Turn the bowl over an place three hex nuts into the slots as shown below.
Flip the tumbler base over and place the tumbler tabs over the tumbler bowl so that the hole in the tumbler base line up with the hex nuts.
Put a star washer on each of the three screws and thread each of the screws through the holes and into the nuts. Only tighten these screws to no more than 10 in-lbs of torque or 1/4 to 1/2 turn after the screw bottoms out.
Flip the tumbler assembly over and thread the remaining nut on the threaded rod about 3/4" as shown below.
Thread the threaded rod into the brass insert in the bottom of the bowl until the threaded rod bottoms out in the insert. Next hand tighten the nut on the threaded rod until it is in contact with the bottom of the bowl. Tighten the nut 1/8 turn using the wrench. Make sure you don't over tighten the nut because doing so will loosen the brass insert in the bottom of the hole.
To install the tumbler lid, place the lid on the bowl and over the threaded shaft and install the flat washer and wing nut as shown below.
Just like with the tumbler assembly of the rotary separator is very simple. The parts you need for assembly are shown below plus the bucket.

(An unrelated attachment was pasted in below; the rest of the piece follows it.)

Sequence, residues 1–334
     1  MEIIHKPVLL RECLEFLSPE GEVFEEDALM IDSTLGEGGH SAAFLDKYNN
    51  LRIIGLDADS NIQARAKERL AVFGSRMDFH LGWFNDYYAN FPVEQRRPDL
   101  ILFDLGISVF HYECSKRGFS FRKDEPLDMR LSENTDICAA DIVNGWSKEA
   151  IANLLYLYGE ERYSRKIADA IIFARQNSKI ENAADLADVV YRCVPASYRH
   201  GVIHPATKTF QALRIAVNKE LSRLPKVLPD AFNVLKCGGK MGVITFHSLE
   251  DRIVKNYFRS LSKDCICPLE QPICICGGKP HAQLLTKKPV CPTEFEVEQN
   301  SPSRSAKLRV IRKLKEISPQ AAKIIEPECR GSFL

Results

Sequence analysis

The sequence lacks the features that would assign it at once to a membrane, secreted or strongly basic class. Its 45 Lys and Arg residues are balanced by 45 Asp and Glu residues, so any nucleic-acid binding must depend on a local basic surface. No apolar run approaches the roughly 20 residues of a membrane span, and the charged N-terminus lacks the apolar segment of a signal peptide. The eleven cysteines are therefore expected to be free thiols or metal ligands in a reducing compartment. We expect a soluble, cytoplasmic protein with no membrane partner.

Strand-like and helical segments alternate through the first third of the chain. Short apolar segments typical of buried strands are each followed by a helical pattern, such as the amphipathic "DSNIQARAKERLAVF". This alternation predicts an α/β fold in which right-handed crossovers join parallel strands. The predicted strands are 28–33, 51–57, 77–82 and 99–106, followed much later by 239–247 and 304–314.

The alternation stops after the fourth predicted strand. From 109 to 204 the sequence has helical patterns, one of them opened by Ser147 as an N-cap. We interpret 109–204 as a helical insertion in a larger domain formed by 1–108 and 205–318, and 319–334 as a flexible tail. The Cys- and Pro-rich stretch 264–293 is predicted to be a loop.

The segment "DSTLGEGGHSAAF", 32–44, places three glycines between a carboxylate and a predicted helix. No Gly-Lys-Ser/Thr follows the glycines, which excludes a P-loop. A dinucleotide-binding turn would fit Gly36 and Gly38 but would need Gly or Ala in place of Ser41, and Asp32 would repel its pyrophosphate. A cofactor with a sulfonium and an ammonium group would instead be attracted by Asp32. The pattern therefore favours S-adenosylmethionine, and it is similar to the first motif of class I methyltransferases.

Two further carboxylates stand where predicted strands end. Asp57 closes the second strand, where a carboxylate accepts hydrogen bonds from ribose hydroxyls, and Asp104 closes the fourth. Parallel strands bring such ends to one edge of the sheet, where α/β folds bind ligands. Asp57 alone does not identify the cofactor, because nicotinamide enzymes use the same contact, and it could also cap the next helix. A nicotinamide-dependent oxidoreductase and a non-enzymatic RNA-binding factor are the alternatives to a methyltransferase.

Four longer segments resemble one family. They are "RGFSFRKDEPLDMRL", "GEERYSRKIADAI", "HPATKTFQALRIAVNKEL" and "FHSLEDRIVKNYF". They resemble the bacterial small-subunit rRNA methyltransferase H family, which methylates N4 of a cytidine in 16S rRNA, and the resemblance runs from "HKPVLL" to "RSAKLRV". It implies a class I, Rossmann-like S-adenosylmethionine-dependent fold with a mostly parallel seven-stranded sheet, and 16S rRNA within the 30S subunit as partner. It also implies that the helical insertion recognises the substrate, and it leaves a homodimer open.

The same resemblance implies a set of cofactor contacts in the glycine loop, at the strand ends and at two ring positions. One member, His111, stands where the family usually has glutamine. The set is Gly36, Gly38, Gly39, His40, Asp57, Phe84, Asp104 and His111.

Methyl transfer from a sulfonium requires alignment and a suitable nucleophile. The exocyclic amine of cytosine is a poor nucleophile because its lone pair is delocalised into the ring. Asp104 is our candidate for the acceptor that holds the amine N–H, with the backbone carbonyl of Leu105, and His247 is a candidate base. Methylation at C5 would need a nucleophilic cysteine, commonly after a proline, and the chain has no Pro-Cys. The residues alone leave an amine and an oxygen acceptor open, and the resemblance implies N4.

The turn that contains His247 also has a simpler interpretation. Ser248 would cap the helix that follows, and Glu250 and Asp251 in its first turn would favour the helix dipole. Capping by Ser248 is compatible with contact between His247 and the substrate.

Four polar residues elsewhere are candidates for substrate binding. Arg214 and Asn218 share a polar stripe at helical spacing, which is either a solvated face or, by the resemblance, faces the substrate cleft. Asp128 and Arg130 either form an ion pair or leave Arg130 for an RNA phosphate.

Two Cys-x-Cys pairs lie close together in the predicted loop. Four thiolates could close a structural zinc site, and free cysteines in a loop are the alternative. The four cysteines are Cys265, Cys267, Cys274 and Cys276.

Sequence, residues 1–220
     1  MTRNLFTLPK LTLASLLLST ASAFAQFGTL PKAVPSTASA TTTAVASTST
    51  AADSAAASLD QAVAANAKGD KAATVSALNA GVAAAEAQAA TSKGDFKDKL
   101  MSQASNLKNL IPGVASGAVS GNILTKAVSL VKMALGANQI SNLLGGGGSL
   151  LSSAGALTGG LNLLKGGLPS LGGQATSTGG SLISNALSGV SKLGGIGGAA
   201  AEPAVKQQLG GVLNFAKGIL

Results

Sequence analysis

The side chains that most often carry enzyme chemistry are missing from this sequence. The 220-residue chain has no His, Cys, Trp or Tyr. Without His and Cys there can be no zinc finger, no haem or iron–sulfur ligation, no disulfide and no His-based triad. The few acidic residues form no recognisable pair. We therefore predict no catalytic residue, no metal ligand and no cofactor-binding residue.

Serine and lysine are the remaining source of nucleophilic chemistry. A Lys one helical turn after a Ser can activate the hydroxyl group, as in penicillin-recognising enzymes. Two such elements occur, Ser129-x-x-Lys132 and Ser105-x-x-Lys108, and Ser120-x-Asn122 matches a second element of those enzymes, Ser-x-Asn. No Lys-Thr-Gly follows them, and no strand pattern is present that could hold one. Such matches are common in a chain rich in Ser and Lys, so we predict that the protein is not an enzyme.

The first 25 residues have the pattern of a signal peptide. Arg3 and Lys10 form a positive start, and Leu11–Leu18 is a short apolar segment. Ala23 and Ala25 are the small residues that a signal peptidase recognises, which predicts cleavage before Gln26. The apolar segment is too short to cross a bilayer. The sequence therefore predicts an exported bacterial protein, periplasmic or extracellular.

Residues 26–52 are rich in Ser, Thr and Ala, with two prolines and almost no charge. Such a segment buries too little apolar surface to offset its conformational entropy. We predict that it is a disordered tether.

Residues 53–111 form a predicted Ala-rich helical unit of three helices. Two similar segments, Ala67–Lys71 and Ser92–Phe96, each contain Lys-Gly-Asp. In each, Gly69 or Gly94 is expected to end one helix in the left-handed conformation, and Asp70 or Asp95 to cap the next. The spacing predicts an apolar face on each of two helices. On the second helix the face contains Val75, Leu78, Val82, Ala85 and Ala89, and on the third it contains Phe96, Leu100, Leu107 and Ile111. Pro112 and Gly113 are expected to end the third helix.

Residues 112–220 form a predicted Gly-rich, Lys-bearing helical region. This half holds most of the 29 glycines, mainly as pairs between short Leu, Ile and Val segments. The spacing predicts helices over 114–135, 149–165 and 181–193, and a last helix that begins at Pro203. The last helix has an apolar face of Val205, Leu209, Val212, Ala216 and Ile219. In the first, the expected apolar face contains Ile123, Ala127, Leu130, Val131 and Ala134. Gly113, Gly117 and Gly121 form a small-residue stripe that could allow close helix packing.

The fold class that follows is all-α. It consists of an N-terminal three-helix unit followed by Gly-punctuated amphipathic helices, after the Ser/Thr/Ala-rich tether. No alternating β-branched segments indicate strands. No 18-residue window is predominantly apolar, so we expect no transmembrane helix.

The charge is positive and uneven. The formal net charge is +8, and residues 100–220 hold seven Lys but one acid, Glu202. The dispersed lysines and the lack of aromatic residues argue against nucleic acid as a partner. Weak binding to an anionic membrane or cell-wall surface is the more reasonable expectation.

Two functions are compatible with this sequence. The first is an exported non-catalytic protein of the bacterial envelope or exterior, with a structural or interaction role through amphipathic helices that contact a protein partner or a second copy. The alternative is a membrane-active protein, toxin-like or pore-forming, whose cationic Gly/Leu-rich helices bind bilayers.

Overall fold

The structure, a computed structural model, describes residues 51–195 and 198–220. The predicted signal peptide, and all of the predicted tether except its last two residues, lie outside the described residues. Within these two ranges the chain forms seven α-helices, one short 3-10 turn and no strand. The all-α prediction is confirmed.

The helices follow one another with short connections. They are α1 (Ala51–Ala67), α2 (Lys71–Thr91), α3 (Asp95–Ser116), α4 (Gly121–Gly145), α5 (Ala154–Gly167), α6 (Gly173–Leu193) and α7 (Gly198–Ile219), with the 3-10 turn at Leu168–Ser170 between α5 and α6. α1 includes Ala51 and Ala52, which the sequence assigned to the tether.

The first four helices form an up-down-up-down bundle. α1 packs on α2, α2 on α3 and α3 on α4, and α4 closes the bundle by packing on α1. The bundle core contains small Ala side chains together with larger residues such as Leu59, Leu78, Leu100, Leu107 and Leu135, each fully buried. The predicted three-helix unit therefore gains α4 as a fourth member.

You should insert the rotating collar and handle into the bottom
sifter half as shown below. The collar and handle will snap
into place. The instructions state that a left handed user
should swap these components and install the handle on the left
The top sifter half and bottom sifter half snap together to form a hinge connection.
After closing the top on the bottom sifter half, insert the pin which keeps the two halves together when rotating while separating your media and cases.
The two bucket adapters snap on each side of the lid as shown below in the area around the bucket handle.
The kit also comes with two media shields that snap on the edge of the bucket to prevent media from flying out of the bucket when rotating the separator.
The sifter assembly sits in bucket adapters as shown below. The unit is now fully assembled.
To evaluate how well the Quick-N-EZ Tumbler would perform I decided to send several batches of brass through the tumbler. Since the kit comes with corn media, I decided to stick with it instead of getting some ground walnut media. I tumbled about 500 cases of .308 Win in three different batches and about 350 cases of .38 Special in a single batch. Next I decided to clean some .243 Win brass that I started collecting about 20 years ago so there is a wide variety of ages (tarnish) on these cases along with some serious corrosion on a few that I will most likely toss out in the end anyway. The photo below shows 155 cases prior to any cleaning.